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A telecoms deal for Africa’s poorest

By Laura Recuero Virto
Posted on Friday, 26 March 2010 14:52

In the Know features an interview, opinion or analysis on the events making the news in Africa each week.

It’s third time lucky in Africa for Bharti Airtel. After twice trying and failing to agree a merger with South Africa’s MTN, the Indian telecoms giant has secured the South-South tie-up it was ogling after, and is on the cusp of buying the African assets of Kuwaiti firm Zain. Bharti has secured $8.3bn in financing for the deal, which is expected to be sealed in the next few days and will see the firm take over Zain’s operations in 15 African countries (excluding Sudan and Morocco).

Laura Recuero Virto, an economist at the OECD Development Centre, says the deal should bring down prices for African consumers.

A new telecoms deal is about to take place that could bring an unprecedented number of poor people in Africa into the mobile phone market and closer to life-improving services.

Today, Bharti, an Indian telecommunications company, will purchase Kuwaiti Zain’s Africa assets in India’s second-largest ever cross-border deal. Through the deal, Bharti will acquire not only the hard infrastructure of the third-largest mobile operator in Africa in terms of number of users, but also the innovative models responsible for Zain’s success. Africa was the first continent in the world to offer free roaming services across countries through Zain’s network.

But what can Bharti bring to Africa’s poorest that Zain did not? The answer is low prices. While the total cost of mobile ownership is around $10 in African countries, the rate is as low as $2.5 in India, due to fierce competition in the national market. In India, Bharti has managed to make excellent— if volatile— returns by serving the poor. They plan to do the same for the 36m African users that they will add to their 110m Indian subscribers.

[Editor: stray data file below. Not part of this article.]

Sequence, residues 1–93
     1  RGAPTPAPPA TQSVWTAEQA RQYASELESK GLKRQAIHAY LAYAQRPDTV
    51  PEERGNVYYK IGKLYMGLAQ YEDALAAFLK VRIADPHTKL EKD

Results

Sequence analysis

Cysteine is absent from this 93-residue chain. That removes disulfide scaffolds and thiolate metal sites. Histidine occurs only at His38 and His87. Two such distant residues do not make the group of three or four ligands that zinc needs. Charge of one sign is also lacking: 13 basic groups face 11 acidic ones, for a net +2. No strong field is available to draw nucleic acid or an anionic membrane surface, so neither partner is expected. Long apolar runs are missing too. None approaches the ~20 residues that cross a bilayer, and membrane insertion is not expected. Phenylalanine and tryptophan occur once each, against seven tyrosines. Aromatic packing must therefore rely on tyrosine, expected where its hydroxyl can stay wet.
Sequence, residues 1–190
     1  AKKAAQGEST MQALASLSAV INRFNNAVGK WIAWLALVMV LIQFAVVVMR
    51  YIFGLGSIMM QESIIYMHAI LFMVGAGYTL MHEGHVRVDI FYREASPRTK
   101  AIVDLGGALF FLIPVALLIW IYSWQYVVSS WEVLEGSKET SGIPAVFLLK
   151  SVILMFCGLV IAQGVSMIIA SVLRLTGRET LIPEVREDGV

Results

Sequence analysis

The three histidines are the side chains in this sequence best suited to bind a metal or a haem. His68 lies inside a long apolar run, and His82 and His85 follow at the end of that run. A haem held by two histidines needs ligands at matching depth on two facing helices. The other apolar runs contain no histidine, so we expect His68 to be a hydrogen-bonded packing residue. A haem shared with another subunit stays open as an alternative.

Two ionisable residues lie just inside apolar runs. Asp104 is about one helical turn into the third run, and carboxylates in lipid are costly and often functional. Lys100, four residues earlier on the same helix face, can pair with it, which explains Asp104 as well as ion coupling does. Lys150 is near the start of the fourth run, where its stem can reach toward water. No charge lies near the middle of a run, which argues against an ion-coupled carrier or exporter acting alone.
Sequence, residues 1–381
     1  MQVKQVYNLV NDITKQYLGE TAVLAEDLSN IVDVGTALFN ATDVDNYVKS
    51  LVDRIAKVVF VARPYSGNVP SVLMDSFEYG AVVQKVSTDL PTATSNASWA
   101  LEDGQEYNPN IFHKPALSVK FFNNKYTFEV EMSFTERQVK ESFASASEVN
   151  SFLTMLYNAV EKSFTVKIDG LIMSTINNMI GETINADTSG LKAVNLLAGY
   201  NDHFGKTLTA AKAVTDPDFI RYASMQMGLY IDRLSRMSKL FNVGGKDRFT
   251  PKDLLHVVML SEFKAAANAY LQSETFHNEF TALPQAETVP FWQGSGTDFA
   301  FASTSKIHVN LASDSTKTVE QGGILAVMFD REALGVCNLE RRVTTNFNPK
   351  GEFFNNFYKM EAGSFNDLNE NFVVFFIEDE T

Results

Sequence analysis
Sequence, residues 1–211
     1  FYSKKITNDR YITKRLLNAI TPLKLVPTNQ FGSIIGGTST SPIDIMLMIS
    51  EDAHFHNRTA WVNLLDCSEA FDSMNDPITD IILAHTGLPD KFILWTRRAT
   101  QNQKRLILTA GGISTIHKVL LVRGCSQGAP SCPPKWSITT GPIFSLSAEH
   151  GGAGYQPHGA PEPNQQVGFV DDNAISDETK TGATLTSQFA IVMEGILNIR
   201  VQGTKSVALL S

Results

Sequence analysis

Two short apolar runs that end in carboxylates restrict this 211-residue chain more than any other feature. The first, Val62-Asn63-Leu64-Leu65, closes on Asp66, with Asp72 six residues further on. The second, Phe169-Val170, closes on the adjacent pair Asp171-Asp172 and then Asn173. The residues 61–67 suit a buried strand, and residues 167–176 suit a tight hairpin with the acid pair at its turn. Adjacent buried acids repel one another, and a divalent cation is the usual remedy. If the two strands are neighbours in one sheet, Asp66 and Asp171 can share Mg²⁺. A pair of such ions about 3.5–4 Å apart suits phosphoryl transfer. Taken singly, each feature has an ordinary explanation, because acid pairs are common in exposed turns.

How would that translate concretely at an individual level? It could dramatically change the life of African consumers and entrepreneurs. Such a deal could provide consumers increased access at a lower price. And entrepreneurs could see their transaction costs and transaction times substantially reduced.

For the poorest of the poor, this can mean increased access to services. An enlarged presence of mobile phones enables many Africans to have access to basic services for the first time, according to research done on ICT innovation for the African Economic Outlook. Indian institutions are already building a 53-nation pan-African e-network for tele-education and tele-health under an African Union initiative.

Bharti can offer such low prices because they have dramatically reduced transaction costs by putting pressure on retailers. The company has also cut operating costs, through energy efficient structures and systems. The African market, still in its infancy, has only recently faced sufficient competition pressures to promote such cost-reducing innovations.

Mobile phones are also a vehicle for market development. Electronic payments are enabling people to make money transfers between mobile phones. In Kenya, it is 10 times cheaper to send €10 through Safaricom’s M-Pesa mobile network than through Western Union. As a result, M-Pesa has already attracted over 6m consumers in 2 years.

Mobile phones allow entrepreneurs to bypass weak or absent infrastructure when setting up or running their businesses. In 10 West and Central African countries, farmers are accessing crop prices through their mobile phones to learn where it is best to sell their harvest. Telecoms are also enabling businesses to decrease the time allocated to trade (which is the highest in the world in Sub-Saharan Africa). In Ethiopia, the time between transmitting data from an exporter to getting permission from an importer is now a matter of minutes rather than 30 days.

There is a limit, however, to what the Bharti deal can do for the poor. More Africans need to be brought into the information highway, something that is out of Bharti’s control. Internet-based information is located outside of Africa, and international prices to access internet sites are extremely expensive. The extent to which these prices will fall depends upon the capacity and willingness of African governments to finance high-speed national networks and to allow anyone to connect at low cost to international information highways.

So while Africa’s poor should celebrate the deal being made, access to the internet is really where they will reap the most benefits.

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